Attorney General Gali Baharav-Miara on Monday said the government must make a new decision on the fate of senior police official Amichai Eshed, concluding that the recent decision to remove him as Tel Aviv district commander raised significant legal difficulties.
Far-right National Security Minister Itamar Ben Gvir announced last month that at Police Commissioner Kobi Shabtai’s recommendation, he was transferring Eshed to a new position, after slamming his handling of mass protests against the government’s judicial overhaul push. The move was swiftly frozen by Baharav-Miara, who raised concerns it was politically motivated.
In a fresh statement released by the Justice Ministry, Baharav-Miara said the new decision must be made “after the officer gets an opportunity to voice his position, and after reviewing the relevant considerations in accordance with police procedures and relevant procedures.”
After hearing the opinions of her advisers, Ben Gvir, Shabtai, and other professionals, the attorney general concluded that the original decision “deviated from accepted work practices.”
She noted that the timing of Ben Gvir’s move, just after he had publicly expressed his disapproval of Eshed’s handling of anti-government protests, “raises concern of a causal link” between them.
“This conduct is likely to have a chilling effect and may harm police operations and independence, especially in the sensitive contexts of preserving freedom of speech and protection of human rights,” the attorney general said.
Both Shabtai and Ben Gvir have insisted Eshed’s removal had been planned in advance. But Ben Gvir also said his decision to make the move now was tied to the commander’s handling of the protests in Tel Aviv, where police have largely shown patience with demonstrators, even when they block roads and the major Ayalon Highway.
Shabtai approved Eshed’s demotion, apparently in light of longstanding tensions with the top officer, but later admitted that taking the step at the current time had been an error.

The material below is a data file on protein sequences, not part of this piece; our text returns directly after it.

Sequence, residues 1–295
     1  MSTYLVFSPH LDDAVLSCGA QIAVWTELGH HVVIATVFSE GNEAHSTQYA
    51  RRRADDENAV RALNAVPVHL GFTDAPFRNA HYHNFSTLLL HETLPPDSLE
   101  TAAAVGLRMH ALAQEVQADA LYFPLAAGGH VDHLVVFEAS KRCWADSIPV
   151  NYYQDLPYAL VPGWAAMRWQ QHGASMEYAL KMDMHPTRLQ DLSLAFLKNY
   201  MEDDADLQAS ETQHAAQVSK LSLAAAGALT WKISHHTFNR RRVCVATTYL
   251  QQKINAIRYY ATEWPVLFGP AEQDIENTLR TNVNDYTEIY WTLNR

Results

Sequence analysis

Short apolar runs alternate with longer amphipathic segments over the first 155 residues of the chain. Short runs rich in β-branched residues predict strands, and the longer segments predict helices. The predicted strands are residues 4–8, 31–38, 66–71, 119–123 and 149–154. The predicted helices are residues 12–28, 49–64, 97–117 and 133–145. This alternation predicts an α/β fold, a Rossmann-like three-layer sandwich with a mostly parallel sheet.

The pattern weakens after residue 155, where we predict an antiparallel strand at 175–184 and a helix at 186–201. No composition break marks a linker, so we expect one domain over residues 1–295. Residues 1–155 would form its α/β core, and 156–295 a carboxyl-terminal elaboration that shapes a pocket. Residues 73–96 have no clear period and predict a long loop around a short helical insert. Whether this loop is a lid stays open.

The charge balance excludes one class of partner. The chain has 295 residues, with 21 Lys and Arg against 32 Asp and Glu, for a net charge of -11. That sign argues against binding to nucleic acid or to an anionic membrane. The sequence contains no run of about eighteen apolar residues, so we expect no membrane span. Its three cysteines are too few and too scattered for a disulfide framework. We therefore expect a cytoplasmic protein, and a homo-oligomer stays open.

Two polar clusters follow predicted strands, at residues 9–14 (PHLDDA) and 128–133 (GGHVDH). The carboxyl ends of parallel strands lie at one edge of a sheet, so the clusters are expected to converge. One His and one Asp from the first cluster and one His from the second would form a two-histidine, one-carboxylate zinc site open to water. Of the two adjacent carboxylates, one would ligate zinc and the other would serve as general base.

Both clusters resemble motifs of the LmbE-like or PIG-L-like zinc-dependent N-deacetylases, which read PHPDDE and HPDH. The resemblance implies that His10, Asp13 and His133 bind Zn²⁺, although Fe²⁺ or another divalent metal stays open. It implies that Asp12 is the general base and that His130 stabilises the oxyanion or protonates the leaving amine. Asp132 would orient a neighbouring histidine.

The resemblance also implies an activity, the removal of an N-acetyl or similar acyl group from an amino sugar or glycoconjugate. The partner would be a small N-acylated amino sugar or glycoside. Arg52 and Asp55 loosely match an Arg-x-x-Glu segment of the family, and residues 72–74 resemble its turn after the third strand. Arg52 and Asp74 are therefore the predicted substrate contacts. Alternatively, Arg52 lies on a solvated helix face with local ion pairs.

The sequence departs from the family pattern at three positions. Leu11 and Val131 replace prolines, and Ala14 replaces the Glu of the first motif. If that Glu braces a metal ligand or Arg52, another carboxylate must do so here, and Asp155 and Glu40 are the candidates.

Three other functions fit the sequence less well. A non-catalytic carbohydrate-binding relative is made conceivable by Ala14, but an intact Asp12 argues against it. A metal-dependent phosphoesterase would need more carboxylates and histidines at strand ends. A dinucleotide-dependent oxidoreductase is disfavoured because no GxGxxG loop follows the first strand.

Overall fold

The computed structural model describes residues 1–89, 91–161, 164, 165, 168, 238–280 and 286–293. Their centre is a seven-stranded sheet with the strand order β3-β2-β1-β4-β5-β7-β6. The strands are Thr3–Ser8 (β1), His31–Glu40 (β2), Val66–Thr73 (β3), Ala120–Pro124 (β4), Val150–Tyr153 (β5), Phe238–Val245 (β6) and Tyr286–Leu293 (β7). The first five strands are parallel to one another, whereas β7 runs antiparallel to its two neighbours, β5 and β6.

In his short tenure so far as police minister, Ben Gvir has repeatedly clashed with the attorney general and police, often criticizing the force for not taking a harsher stance against demonstrators.
Ben Gvir insists he supports the right to protest but not to block main roads and disrupt daily life in the country.
In February, Ben Gvir criticized officers after they did not use force to disperse anti-government protesters in Jerusalem. The month before, he urged police to crack down on demonstrators who block roads, use water cannons to disperse them, and arrest them more liberally.
Eshed was on vacation during protests in Tel Aviv on March 1, when police came under criticism for using a heavier hand with protesters, leading to several injuries. His deputy oversaw those rallies, with police conduct then praised by Ben Gvir for its severe response toward unruliness.
Israel has been rocked by mass demonstrations since early January, when the government unveiled its far-reaching plans to neuter the judicial system. Protesters have warned the proposals will weaken Israel’s democratic character, remove a key element of its checks and balances and leave minorities unprotected. Supporters claim it is a much-needed reform to rein in an overly activist court.
President Isaac Herzog is currently hosting talks between the coalition and the opposition’s Yesh Atid and National Unity parties in an effort to reach agreement on judicial reform, after Prime Minister Benjamin Netanyahu paused the overhaul legislation earlier this month after his since reversed decision to fire Defense Minister Yoav Gallant triggered major protests and a general strike.